Spielman made the call to Patterson from the draft room. Then, he handed the phone to Stewart, who provided a quick reminder: "Like I told you, I expect you to be a pro when you get in here. So, let's handle our 'biz' and let's be ready to roll."
It's probably no accident Patterson was assigned the locker next to veteran Greg Jennings, who ranks among the NFL's most consistent technicians at the receiver position.
In a conference call shortly after the pick, Patterson admitted he's "still working on my route running, learning coverages and stuff" and reiterated that in a media session the next day, saying his year at Tennessee was the first time he couldn't rely solely on his physical talent.
"My biggest challenge will be that I will have to come in and work hard every day," Patterson said. "The first thing I will have to do is get into that playbook and start learning the different coverages and hook up with the quarterback and a couple of receivers and get ready to work."
In reality, though, Patterson's immediate impact figures to come in the return game and with manufactured touches on offense -- not unlike how Percy Harvin was used in recent years.
"We'll have to wait and see," Musgrave said. "But (Patterson) definitely has a uniqueness with the ball in his hands. He can make people miss and get all the yards that are there and even more that go beyond the chalk on the chalkboard."
Spielman made perhaps the boldest statement of draft weekend by declaring Patterson can do "just as much or more than Percy (Harvin) can as a returner" -- to which the NFC personnel man replied, "But only after you tell him where to line up."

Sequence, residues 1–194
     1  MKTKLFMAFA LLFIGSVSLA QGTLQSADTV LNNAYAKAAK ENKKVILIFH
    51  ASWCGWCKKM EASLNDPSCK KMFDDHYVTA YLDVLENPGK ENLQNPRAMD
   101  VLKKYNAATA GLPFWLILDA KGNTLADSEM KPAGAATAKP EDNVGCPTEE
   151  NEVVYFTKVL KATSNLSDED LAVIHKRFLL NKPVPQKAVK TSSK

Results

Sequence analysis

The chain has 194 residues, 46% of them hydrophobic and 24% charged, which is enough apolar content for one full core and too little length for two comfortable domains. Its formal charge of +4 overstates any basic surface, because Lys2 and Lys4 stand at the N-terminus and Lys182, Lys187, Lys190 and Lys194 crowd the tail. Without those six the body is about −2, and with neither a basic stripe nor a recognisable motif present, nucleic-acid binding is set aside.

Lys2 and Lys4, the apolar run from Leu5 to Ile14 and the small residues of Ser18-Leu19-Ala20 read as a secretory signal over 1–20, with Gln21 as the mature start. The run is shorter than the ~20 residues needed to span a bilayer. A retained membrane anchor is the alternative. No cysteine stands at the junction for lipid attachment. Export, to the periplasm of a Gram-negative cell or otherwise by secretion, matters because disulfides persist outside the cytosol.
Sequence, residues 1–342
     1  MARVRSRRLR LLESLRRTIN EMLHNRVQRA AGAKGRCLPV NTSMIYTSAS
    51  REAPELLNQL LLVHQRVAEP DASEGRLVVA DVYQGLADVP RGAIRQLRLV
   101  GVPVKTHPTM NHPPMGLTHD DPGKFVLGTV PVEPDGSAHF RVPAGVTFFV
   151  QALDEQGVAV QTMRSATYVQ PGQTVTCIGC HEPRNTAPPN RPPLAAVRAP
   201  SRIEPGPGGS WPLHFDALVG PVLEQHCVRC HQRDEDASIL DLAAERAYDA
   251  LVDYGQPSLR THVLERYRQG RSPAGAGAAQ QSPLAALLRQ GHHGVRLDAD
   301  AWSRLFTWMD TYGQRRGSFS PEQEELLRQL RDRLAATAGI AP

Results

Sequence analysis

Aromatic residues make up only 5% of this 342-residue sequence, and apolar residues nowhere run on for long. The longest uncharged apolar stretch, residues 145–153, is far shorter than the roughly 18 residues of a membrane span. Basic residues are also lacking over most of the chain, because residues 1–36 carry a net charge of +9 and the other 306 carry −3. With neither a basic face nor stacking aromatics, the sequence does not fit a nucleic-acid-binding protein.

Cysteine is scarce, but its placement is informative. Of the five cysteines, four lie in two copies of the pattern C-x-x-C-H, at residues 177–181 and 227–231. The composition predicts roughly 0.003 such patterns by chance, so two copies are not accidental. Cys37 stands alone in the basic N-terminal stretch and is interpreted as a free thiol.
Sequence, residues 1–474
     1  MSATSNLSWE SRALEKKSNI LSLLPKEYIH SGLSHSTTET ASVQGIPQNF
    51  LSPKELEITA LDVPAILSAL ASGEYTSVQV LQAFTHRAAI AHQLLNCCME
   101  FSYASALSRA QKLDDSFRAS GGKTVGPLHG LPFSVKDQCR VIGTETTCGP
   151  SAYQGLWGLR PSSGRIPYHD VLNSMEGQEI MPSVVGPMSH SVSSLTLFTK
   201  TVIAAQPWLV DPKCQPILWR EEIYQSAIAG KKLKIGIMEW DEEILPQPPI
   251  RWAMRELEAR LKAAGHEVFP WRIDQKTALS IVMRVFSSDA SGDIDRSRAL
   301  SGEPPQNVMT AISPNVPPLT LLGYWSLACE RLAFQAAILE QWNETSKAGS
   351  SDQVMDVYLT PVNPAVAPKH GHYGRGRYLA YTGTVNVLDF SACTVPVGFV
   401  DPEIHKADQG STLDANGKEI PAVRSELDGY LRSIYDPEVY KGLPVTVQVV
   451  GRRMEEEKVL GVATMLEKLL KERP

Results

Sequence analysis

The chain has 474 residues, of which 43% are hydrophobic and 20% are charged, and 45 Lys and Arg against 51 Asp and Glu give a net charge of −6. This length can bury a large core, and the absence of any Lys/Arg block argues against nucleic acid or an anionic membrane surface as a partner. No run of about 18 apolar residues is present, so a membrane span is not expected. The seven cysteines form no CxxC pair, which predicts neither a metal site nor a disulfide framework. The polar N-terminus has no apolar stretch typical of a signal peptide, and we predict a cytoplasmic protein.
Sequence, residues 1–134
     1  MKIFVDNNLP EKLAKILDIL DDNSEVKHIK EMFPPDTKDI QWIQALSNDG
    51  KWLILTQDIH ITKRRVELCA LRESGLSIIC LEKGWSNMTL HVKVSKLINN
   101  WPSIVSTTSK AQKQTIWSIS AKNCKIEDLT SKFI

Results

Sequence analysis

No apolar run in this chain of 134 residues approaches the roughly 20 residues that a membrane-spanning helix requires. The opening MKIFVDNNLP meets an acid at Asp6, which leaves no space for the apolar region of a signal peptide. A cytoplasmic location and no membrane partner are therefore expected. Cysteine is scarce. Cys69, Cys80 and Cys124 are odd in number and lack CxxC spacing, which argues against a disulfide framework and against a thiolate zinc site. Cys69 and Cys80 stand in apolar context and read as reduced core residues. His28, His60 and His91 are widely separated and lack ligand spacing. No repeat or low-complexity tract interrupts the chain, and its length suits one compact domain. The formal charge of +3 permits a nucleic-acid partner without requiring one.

The AFC personnel executive also made an unprompted Harvin comparison when asked about Patterson, though pointing out the obvious difference in size. Patterson is built like an outside receiver at 6-foot-2 and 216 pounds, while Harvin looks like a slot man at 5-11, 184.
Harvin, 24, never did become a detailed route-runner in his four seasons with the Vikings before March's trade to Seattle. But he nonetheless amassed nearly 4,000 combined rushing and receiving yards and 24 touchdowns, plus five more scores on kick returns.
"What you have is the opportunity to get a guy with great physical potential who's raw, who has a lot of physical upside, who, if you're not counting on right away to be an impact, 65- to 70-play starting wide receiver, I think that's the ideal situation so that you can bring him along and develop his route skill," the AFC executive said.
"But in the meantime, you've got a guy who's an explosive athlete who potentially can role-play, who can learn on the job, develop on the job, be your starting returner and be a contributing player ... who in time has a very high ceiling and the potential to grow into a very good player if everything goes right in his development."
The responsibility for that falls on Musgrave and Stewart, who know well how hard it is to get production out of any rookie receiver. The strongest point on Stewart's resume is his work bringing along a young Terrell Owens in San Francisco.
"Everybody gets drafted in spite of something," Musgrave said. "He'll want to improve his route-running. But that's something that we feel like, as coaches, we can help him do. The talent is there. He has terrific size and amazing speed. Those are two things you can't coach."
The responsibility also falls on Patterson, whose constant smile and occasional bravado -- "When I get the ball in my hands," he said at his media conference, "I feel like I'm so special with it" -- won't win him friends in the locker room if he can't figure out where he's supposed to be.
The education of Cordarrelle Patterson begins in earnest on Friday.
"I feel pretty confident in Bill Musgrave and the offensive staff," Spielman said. "They'll find a few ways to make sure he knows what he's doing on a few things to get the ball in his hands."